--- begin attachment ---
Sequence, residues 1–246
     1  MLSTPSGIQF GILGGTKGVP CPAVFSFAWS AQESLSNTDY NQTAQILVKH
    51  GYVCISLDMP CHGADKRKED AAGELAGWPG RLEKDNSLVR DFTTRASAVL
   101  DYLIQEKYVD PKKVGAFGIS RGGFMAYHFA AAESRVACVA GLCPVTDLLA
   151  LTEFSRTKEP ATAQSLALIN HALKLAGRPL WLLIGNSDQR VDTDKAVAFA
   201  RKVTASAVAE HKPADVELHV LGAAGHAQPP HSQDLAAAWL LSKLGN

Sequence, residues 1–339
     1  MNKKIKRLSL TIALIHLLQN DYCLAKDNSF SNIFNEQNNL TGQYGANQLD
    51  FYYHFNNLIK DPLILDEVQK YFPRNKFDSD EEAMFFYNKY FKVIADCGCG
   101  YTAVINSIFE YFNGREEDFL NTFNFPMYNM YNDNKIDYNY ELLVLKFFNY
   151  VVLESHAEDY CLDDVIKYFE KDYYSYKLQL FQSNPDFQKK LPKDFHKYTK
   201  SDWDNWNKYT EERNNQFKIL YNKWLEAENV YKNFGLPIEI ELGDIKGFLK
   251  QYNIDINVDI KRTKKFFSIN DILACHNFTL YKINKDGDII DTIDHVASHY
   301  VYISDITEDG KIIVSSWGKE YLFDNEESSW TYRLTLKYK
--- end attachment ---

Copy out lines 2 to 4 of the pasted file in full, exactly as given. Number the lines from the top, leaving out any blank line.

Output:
     1  MLSTPSGIQF GILGGTKGVP CPAVFSFAWS AQESLSNTDY NQTAQILVKH
    51  GYVCISLDMP CHGADKRKED AAGELAGWPG RLEKDNSLVR DFTTRASAVL
   101  DYLIQEKYVD PKKVGAFGIS RGGFMAYHFA AAESRVACVA GLCPVTDLLA